Residents and regular visitors to the Greater Daglan Area may have wondered why I don’t write more frequently about Domme.
After all, it’s a real treasure of the Périgord Noir, and one of the most beautiful villages in France. It’s located on a hill just above the neighbouring village of Cénac, which we visit several times a week. Domme was founded in 1281, and it retains much of its medieval beauty. It offers a number of restaurants, cafés and shops, and has stunning views over the Dordogne River Valley. And in fact, Daglan is officially a part of the Canton of Domme. So, why not more coverage in Radio Free Daglan?
The simple reason is that we haven’t visited the village very often — simply because of Domme’s geography. I’m uncomfortable (to put it mildly) if I have to drive up a road that winds around a hill, with a steep drop-off on one side. And that describes the direct road into Domme from Cénac.
Now, however, we have a solution. It started last fall, when good friends Kevin and Shirley from Toronto were visiting us. I suggested that we could visit Domme if Kevin would do the driving, and he quickly agreed. While we were up in the village, we bumped into friends from Daglan, who told us of a different road into and out of Domme — a road that travelled along some gentle ridges and eventually made its way down from the heights. So that’s the route we took home, although with Kevin still at the wheel of my car.
Then, this past Saturday, we had just finished doing some shopping in Cénac when my wife Jan suggested that we try “the back road” into Domme, to see if I was comfortable driving it myself. So we did, and I was.
And here’s the pay-off: We each enjoyed a refreshing Campari and Perrier on the terrace of a café, while looking out over the Dordogne Valley. (Side note: The phrase Campari et soda doesn’t seem to be understood in France, because soda doesn’t convey the idea of club soda or sparkling water; our server asked us if we meant that we wanted a Coke with our Campari! So we’re learning to ask simply for a Campari et Perrier.) First, a view of our table:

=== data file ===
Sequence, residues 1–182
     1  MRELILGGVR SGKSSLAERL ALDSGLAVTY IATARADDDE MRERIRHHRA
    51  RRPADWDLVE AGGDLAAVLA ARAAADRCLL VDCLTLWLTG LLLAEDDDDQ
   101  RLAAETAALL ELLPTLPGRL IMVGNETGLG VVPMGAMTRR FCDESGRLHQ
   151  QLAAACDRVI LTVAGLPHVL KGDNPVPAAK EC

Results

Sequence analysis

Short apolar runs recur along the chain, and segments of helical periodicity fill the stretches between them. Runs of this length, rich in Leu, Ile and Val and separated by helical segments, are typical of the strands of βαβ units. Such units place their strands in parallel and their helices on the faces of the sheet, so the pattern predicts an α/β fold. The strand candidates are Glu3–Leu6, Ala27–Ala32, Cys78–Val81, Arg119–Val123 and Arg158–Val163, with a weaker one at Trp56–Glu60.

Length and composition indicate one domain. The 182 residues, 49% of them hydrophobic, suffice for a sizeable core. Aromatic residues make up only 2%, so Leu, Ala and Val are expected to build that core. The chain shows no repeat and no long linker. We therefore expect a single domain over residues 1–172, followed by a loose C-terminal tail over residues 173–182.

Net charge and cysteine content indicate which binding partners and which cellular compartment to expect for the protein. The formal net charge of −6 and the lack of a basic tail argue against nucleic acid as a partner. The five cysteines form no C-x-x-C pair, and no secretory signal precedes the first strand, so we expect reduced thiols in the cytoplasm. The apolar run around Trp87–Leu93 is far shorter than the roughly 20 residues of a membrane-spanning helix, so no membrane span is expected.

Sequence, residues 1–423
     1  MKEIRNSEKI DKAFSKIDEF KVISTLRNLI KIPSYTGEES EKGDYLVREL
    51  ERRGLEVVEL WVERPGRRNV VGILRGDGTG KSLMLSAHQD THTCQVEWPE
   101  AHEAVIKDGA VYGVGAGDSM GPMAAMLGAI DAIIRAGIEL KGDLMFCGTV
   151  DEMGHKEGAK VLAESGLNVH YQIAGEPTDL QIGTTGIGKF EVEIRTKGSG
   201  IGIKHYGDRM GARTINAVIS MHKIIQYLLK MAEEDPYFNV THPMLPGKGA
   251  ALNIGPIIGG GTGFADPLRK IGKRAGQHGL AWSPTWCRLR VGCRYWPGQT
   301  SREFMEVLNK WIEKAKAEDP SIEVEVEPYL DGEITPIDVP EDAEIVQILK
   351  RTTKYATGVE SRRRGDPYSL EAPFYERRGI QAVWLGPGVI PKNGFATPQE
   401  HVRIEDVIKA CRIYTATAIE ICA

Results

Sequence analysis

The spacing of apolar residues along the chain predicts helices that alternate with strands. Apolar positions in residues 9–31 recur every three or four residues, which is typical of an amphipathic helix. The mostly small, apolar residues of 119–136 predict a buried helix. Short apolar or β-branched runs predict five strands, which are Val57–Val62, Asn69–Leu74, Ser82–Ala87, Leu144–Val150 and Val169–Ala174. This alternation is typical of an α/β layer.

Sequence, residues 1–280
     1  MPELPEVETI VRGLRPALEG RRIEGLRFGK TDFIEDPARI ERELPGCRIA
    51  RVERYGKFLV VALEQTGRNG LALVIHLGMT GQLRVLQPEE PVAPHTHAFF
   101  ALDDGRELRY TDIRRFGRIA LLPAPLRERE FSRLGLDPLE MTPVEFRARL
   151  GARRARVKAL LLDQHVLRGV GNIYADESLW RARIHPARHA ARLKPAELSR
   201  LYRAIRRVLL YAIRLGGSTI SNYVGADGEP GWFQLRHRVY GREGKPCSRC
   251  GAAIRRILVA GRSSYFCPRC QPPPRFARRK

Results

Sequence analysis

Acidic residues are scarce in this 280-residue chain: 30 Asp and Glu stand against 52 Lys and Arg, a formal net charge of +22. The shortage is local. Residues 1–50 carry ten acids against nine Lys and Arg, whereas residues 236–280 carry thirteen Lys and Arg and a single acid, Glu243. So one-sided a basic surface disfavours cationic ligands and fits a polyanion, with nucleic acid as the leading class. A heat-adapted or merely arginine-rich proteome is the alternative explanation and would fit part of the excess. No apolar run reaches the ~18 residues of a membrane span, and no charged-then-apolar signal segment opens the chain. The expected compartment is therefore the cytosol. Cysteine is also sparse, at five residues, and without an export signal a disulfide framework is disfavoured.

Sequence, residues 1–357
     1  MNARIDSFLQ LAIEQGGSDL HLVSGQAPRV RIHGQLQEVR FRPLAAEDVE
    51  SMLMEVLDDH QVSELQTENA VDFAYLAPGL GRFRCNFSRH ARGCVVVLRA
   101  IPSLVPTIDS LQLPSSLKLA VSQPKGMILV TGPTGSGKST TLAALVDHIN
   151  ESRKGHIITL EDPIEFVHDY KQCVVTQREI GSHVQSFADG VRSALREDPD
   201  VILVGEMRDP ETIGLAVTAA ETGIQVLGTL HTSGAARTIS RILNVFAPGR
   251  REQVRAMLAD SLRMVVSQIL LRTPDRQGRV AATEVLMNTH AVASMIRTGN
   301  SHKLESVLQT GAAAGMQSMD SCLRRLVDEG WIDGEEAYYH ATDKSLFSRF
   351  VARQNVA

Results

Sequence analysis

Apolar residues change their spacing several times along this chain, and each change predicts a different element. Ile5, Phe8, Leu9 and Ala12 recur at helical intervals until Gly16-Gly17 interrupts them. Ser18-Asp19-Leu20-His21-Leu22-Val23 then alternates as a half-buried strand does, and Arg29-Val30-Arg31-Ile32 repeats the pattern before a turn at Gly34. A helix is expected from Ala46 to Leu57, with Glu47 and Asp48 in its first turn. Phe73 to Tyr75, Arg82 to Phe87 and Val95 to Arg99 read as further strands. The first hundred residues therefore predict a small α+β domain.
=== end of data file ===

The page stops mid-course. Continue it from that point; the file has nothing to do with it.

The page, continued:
And here’s a photo that Jan took, showing a few tourists on the promenade above the river. The bridge you can see in the distance crosses the Dordogne; that’s the road we usually take to Sarlat. In the distance at the far right of the photo, you can see cliffs dropping down towards the river, which is where the charming village of La Roque-Gageac is located. (It’s another must for visitors to the GDA.)
Finally, here’s a photograph I took, using flowers in the foreground to frame an already beautiful view:
When we left, it turned out there was some sort of carnival taking place in the main square, and several streets were blocked off. Because Domme is full of narrow, one-way streets, I had a bit of momentary panic as I worried whether we could return to the village gate where we had entered, the gate that leads to the kinder, gentler road home.
But sure enough, there it was — the Porte des Tours, or Gate of Towers. I later learned that the towers (on either side of the gate) had been converted into prisons in 1307. That’s yet another tourist attraction that we’ll have to visit one day, now that I’ve found a comfortable way to drive into Domme.